That’s ok. The modern world has many benefits, including higher likelyhood of survival from injury, lower chance of ever running from a predator who wants to eat you, and all the wonders of pursuing knowledge, improvement, and the betterment of society.
We just need to accept that we’re already starting at a handicap when it comes to stress. This way we can notice the places we can optimize our recovery and do our best to bulletproof ourselves.
Identifying Burnout To Optimize Your Cortisol
So while we all have some level of stress, how can we more specifically Identify it?
Even with mild cortisol dysfunction, most people can recover enough to maintain their lives and even improve. We still want to supplement our lives with as much cortisol optimizing tactics as possible, but you can think of it like maintenance if you are doing well generally.
One of the most reliable ways to monitor your stress is by monitoring your HRV using devices like the Oura Ring or WHOOP. Heart-rate Variability, or HRV, is a measurement that directly reflects the function of your autonomic nervous system. HRV scores that are consistent, high, and generally improving mean you’re probably doing well. Scores that are inconsistent, low, and/or generally declining are signs of burnout that will eventually lead to issues if not addressed.
You can deep dive on the topic of HRV over at https://members.thereadystate.com/blogs/heart-rate-variability/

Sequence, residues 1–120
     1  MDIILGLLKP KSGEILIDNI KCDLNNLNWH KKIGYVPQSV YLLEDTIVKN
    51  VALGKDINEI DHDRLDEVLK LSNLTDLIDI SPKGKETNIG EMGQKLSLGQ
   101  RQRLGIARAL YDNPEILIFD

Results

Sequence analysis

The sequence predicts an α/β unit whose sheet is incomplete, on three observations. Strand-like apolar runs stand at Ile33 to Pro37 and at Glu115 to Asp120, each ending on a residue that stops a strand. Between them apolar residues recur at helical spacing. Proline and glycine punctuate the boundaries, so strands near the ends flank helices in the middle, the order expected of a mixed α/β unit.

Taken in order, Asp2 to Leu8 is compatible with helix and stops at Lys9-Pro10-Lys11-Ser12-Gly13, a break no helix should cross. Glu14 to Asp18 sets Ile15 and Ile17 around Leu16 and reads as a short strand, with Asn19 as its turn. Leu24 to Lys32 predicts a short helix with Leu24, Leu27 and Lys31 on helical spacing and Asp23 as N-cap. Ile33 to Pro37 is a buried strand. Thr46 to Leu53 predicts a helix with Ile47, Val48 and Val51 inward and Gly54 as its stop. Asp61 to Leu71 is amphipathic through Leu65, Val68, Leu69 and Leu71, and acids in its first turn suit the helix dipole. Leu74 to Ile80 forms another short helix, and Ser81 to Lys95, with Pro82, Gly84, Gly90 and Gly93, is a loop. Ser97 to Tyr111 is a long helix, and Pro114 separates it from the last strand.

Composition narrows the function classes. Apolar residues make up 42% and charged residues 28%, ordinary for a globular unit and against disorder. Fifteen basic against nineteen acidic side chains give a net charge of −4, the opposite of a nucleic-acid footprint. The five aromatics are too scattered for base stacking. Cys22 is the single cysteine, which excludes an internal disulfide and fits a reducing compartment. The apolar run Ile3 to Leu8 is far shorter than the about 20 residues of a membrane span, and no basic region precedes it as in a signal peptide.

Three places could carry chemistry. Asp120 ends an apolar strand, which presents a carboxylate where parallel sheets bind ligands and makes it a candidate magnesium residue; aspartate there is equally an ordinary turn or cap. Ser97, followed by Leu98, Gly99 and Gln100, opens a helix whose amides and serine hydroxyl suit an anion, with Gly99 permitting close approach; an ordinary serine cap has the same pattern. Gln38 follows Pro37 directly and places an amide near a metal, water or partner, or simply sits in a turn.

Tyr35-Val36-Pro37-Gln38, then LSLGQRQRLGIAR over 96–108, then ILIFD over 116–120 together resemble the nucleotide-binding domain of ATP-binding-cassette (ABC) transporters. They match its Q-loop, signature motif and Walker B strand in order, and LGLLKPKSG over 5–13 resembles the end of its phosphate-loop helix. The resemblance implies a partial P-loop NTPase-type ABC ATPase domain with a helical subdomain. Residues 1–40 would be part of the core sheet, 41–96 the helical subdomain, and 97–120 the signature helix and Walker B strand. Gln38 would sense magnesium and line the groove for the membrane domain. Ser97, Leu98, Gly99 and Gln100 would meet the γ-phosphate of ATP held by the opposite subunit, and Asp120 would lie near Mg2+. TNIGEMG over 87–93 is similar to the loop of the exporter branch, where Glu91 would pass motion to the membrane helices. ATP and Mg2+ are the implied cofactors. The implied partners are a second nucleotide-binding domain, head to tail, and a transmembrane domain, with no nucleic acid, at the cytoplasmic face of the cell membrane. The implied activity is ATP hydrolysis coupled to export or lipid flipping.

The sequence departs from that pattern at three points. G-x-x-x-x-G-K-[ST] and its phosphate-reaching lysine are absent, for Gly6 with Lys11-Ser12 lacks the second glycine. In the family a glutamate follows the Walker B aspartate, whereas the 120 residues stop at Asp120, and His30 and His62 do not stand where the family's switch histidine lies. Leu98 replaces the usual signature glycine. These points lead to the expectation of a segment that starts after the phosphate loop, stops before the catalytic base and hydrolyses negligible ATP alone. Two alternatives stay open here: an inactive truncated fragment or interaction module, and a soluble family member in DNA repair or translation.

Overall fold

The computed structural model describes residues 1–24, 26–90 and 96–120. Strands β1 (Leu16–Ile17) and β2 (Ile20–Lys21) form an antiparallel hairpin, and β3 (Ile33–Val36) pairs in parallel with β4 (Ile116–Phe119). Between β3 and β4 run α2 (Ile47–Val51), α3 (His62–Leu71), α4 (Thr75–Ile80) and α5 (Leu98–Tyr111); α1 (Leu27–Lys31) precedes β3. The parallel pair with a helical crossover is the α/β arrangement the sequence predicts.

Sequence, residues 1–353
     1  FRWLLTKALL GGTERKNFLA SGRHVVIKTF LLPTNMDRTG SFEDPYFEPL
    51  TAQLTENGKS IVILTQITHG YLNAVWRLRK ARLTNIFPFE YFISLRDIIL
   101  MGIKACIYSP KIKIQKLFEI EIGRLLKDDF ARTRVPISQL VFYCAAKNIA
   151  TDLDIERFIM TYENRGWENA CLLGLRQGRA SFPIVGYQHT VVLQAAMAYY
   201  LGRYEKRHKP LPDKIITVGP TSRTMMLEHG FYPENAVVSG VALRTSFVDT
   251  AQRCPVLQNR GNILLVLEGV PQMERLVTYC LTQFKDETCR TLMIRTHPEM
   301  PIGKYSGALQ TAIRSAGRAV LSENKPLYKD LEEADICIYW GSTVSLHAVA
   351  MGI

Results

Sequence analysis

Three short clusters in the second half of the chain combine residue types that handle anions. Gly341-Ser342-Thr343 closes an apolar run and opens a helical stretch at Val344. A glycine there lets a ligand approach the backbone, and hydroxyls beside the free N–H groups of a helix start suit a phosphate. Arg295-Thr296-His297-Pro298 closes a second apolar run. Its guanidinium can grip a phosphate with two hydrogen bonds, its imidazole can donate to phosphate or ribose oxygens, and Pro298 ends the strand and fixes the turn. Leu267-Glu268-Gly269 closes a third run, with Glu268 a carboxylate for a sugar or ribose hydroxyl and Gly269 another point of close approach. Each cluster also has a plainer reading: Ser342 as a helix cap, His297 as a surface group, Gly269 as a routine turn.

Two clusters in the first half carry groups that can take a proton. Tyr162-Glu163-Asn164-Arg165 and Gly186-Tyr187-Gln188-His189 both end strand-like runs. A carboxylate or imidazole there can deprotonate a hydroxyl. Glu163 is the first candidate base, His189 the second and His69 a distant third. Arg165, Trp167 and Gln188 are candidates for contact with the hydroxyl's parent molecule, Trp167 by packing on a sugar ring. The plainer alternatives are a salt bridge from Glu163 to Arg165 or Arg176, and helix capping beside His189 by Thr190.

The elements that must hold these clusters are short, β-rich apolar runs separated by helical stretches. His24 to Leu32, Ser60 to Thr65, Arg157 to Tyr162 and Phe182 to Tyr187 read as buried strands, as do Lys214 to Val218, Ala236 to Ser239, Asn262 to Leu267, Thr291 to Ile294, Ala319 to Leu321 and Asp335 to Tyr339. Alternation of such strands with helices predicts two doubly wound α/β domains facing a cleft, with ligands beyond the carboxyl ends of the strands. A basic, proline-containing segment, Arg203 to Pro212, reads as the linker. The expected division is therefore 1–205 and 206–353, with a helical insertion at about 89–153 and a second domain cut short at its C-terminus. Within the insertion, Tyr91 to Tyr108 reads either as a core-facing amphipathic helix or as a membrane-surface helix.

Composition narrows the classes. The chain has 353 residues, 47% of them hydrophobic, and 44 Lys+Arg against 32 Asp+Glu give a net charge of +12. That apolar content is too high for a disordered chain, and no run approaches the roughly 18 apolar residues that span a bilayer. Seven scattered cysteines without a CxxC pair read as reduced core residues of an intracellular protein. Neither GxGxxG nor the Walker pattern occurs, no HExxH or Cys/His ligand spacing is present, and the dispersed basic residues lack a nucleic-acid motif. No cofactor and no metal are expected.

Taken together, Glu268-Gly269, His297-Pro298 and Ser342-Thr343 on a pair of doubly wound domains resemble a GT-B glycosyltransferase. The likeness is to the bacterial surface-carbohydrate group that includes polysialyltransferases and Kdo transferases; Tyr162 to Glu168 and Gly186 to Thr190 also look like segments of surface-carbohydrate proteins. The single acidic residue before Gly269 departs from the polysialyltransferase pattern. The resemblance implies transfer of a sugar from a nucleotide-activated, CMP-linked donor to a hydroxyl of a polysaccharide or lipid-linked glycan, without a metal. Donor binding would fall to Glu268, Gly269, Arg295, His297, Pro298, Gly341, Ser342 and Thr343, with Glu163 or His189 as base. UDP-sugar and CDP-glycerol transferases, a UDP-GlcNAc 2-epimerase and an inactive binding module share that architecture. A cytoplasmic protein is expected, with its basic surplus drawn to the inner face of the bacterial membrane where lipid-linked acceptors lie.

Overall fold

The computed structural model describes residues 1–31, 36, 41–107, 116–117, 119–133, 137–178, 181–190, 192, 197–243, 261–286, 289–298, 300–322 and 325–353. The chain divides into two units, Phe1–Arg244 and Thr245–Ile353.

Beyond HRV, we can guess at our cortisol status by observing symptoms of stress in our lives or by observing lifestyle patterns. Any and all of the following can be signs of burnout. The more of these you have, the poorer your cortisol rhythm is likely to function, though different people will have different capacities.
Signs of Cortisol Dysfunction:
- Tense muscles
- Difficulty going to sleep or staying asleep
- Waking up tired
- Feeling inflamed, achy, sore, etc.
- Excess body fat
- Too little salt in your diet
- Sugar cravings
- Panic attacks
- Mental health problems
- Energy and mood fluctuations
- Brain fog
If your cortisol rhythm is relatively healthy, meaning you’re managing the stress in your life over-all, a small few of these symptoms may come and go. If you have severe symptoms from the list above, many of them, or have had symptoms for a long time, you’re probably more burned out.
Thankfully, most people have a lot of low hanging fruit available for quickly optimizing their cortisol to a massive extent. Many of the tactics in this guide can be a huge boost to your cortisol health for absolutely free. One of the biggest, for example, is sleep.
If you only act on one section of this article, it should be this one. Sleep is one of the most important bodily processes we have, and is also one of the most poorly kept.
Considering sleep is absolutely free, while also being so incredibly important for health, I recommend optimizing one’s sleep schedule as the first and foremost tactic for improving any aspect of your life.
How important is sleep? Well, this is the only time your body activates the glymphatic system, whereby the brain is washed with lymph fluid to remove toxins and heal. Not convinced that’s such a big deal? Sleep is also when memories are processed and categorized. This process which occurs during the rapid-eye movement (REM) portion of sleep seems to be the most important part of the night.
People can survive and thrive without the other parts of their sleep cycles, but missing REM sleep has drastic affects on the brain and body.
Sure, sure, there’s the American myth that less sleep is necessary to achieve any real success. After all, time is money right? Wrong.
Not one, but two men who’ve held the title of richest man alive both prioritize sleep. Jeff Bezos of Amazon has said that sleeping less in order to have more time is almost always not worth it due to work quality losses, and both Bezos and Bill Gates prioritize 7 to 8 hours a night.